What does this mean? Well, probably the best case scenario is that an individual is targeted. The worst case scenario is that an individual is imprisoned (or maybe even murdered – remember the drones?) because his or her data “says” that he or she is guilty. Is that the type of world we want to live in?
What can we do now?
Let´s start from the basics. India needs privacy legislation. India needs privacy legislation now. India needs privacy legislation now, more than ever.
Privacy legislation would regulate the collection, access to, sharing of, retention and disclosure of all personal data within India. Such legislation could also regulate surveillance and the interception of communications, in compliance with the right to privacy and other human rights. A Privacy Commissioner would also be established through privacy legislation, and this expert authority would be responsible for overseeing the enforcement of the Privacy Act and addressing data breaches. But clearly, privacy legislation is not enough. The various privacy laws of European countries have not prevented the NSA from tapping into the servers of some of the biggest Internet companies in the world and from gaining access to the data of millions of citizens around the world. Yet, privacy legislation in India should be a basic prerequisite to ensure that data is not breached within India and by those who may potentially gain access to Indian national databases.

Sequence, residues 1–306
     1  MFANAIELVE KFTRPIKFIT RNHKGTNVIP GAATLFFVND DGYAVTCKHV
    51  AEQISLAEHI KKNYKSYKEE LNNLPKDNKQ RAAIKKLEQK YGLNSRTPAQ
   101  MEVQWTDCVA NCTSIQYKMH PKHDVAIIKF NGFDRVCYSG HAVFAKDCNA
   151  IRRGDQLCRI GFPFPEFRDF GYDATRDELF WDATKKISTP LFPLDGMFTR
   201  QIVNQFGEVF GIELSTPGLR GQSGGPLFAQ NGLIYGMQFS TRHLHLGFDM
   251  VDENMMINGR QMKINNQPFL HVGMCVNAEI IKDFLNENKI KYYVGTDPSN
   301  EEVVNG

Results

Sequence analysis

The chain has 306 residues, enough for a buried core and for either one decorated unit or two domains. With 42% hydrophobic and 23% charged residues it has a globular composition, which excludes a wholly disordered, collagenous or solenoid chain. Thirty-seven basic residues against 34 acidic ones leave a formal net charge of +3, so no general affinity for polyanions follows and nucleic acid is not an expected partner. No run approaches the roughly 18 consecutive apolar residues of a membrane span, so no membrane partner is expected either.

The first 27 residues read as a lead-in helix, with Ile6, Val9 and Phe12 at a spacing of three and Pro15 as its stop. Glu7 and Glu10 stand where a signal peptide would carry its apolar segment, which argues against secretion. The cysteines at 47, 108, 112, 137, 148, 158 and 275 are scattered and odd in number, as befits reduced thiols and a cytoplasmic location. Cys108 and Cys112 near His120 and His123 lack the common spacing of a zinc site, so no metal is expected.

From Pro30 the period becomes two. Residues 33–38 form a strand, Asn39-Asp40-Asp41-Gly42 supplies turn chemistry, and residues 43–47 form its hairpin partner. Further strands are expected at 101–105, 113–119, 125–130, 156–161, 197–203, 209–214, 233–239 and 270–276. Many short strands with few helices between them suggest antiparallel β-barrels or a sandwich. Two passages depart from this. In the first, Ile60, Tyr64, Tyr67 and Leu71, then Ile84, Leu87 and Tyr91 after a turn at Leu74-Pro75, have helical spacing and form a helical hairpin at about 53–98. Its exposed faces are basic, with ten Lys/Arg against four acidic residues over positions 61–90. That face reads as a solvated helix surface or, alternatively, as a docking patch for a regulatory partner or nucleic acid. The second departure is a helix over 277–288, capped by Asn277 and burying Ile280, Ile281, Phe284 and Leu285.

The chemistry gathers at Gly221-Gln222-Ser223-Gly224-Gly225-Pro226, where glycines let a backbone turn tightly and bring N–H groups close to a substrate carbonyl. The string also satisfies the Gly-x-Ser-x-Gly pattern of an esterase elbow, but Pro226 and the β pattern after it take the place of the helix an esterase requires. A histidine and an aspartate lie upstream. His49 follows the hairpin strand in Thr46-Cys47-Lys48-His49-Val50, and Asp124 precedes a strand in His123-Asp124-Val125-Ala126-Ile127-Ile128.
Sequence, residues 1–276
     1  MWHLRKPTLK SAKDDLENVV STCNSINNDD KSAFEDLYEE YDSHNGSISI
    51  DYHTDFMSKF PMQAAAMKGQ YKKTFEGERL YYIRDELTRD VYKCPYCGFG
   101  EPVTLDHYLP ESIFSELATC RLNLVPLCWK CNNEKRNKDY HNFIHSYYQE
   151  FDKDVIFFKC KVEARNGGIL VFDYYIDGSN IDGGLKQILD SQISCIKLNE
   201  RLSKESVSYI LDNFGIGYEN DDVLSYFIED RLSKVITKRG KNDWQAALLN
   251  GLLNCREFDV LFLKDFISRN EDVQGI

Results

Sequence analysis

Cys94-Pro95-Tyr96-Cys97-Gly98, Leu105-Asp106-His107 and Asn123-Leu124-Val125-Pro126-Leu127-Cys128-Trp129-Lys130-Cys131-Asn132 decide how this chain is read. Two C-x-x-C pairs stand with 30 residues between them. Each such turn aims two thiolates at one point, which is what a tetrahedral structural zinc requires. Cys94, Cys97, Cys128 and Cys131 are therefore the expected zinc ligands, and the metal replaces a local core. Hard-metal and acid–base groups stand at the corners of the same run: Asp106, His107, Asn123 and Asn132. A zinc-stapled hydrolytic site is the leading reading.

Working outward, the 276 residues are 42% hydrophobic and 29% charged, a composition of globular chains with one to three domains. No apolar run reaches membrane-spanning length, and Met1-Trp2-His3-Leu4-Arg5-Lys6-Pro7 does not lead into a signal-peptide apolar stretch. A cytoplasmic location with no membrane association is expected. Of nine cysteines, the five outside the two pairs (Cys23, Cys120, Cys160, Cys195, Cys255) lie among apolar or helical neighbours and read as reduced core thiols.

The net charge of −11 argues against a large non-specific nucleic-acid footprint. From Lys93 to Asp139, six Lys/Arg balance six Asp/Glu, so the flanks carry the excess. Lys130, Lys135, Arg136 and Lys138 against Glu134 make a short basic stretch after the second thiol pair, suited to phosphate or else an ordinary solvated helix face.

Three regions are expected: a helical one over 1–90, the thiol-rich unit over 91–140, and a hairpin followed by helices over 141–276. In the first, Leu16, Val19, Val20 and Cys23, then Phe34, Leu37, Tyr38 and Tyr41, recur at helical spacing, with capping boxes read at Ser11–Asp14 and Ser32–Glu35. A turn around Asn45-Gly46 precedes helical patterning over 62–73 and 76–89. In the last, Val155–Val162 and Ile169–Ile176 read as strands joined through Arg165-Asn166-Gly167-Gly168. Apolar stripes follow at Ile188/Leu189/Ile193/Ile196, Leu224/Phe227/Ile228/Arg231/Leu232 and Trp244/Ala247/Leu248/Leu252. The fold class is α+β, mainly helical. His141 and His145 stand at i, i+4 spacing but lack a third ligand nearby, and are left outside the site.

As a next- but immediate- step, the Indian government should demand answers from the NSA to the following questions:
What type of data is collected from India and which parties have access to it?